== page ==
After a couple of false starts, the Senate Judiciary Committee approved a bill Thursday that would ban assault weapons, restrict the size of ammunition clips and require universal background checks on gun sales.
On a party line vote of 10-8, the Democratic-led panel approved a bill to renew a ban similar to one that expired in 2004. The measure would also limit high-capacity ammunition clips to 10 bullets.
Still, the committee’s passage of the bill, along with three other measures that previously cleared the panel, demonstrated momentum by lawmakers who have sought new gun regulations after the school shooting in Newtown, Conn.
The president thanked the committee for approving the bill, saying in a statement that the weapons “are designed for the battlefield and have no place on our streets, in our schools or threatening our law enforcement officers.”
The bill’s sponsor, Democratic Senator Dianne Feinstein, says such guns have been used in too many mass shootings.
“I think a lot of my passion comes from just what I’ve seen on the streets of cities in this country,” she said.
But opponents say the measure would violate the Second Amendment, the clause in the US Constitution that refers to the right of citizens “to keep and bear arms”.
Feinstein’s critics, including the National Rifle Association, say that such laws do little to deter crime and infringe on the liberties of gun owners.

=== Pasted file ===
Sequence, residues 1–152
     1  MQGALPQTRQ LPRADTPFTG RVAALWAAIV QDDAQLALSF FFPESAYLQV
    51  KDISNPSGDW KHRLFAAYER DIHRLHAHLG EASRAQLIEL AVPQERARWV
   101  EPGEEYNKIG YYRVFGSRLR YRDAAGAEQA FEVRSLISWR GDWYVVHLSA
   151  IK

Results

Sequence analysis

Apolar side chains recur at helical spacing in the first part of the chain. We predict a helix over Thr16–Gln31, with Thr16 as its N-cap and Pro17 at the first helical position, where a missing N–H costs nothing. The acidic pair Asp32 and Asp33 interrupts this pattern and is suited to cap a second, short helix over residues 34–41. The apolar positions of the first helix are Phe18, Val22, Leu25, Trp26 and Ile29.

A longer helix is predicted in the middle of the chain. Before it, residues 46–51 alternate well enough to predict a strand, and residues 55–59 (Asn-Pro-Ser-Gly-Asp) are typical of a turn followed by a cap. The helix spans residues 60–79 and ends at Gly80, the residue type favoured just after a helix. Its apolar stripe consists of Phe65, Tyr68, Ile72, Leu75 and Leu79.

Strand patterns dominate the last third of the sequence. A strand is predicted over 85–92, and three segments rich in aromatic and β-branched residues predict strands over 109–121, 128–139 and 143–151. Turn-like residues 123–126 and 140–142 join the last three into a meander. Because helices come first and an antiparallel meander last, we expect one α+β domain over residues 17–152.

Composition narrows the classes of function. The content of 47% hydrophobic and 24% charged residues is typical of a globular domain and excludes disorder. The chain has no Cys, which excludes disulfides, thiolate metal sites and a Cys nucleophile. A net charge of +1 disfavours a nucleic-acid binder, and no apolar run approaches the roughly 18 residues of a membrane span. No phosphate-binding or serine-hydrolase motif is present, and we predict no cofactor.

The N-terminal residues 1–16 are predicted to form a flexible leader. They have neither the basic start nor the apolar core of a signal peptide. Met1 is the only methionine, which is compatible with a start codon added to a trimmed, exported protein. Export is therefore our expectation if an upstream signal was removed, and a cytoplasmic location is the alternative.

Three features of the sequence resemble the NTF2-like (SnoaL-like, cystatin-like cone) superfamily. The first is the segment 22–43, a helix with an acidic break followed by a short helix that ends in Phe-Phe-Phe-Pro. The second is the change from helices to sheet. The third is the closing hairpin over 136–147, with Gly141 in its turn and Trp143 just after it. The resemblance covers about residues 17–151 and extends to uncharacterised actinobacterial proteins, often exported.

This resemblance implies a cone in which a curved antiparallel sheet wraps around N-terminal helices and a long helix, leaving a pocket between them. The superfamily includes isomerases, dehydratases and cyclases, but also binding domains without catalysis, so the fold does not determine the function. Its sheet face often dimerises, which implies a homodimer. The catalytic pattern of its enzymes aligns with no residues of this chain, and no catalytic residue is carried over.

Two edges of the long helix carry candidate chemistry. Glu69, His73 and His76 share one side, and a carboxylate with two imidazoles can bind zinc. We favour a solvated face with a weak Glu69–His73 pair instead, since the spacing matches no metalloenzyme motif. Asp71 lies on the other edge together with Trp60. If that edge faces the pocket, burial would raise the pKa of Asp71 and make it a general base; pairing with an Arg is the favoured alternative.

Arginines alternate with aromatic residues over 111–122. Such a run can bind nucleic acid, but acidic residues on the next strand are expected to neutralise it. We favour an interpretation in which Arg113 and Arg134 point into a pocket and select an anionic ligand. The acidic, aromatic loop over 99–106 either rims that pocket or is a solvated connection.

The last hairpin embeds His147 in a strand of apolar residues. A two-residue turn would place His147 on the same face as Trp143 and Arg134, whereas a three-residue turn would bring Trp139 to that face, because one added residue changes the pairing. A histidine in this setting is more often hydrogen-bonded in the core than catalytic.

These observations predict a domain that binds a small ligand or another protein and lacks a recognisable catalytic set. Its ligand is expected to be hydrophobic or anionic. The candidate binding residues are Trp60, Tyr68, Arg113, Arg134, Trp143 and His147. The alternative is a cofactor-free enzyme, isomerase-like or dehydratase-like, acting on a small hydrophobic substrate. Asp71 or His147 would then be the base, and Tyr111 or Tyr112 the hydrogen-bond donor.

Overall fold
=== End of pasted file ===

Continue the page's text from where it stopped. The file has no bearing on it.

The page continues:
But Feinstein, who once trained to use a gun to protect herself, said she has seen too many killings.
She became mayor of San Francisco after two of her colleagues were slain, and there have been others: shootings that took place at universities, office towers, movie theaters and elementary schools, as well as violence directed at police officers.
Thursday’s measure would ban the sale of 157 kinds of semi-automatic weapons, guns that automatically reload, and large-capacity ammunition magazines carrying more than 10 rounds.
But it allows 2,258 rifles and shotguns that are frequently used by hunters and does not include weapons already lawfully owned.
“It exempts 2,271 weapons,” Feinstein said. “Isn’t that enough for the people in the United States? Do they need a bazooka?”
This week, the panel passed a measure that would expand the background checks to private gun sales, and another measure to renew a grant program to help schools improve security, the NY Times reports.
Senator John Cornyn, Republican of Texas, offered amendments to the bill that would have created exemptions from the ban for female victims of violent crimes, those who had received a protection order, and residents near the Southwest border and in rural areas. Those amendments all failed.
Many senators from states with strong gun traditions fear that backing such a ban could cost them re-election.
Senator Charles Grassley, the top Republican on the judiciary committee, told Reuters news agency he did not think the proposal could win more than 50 votes.
“We are focused on the next step of the legislative process,” Chris Cox, the NRA’s chief lobbyist, said on Wednesday.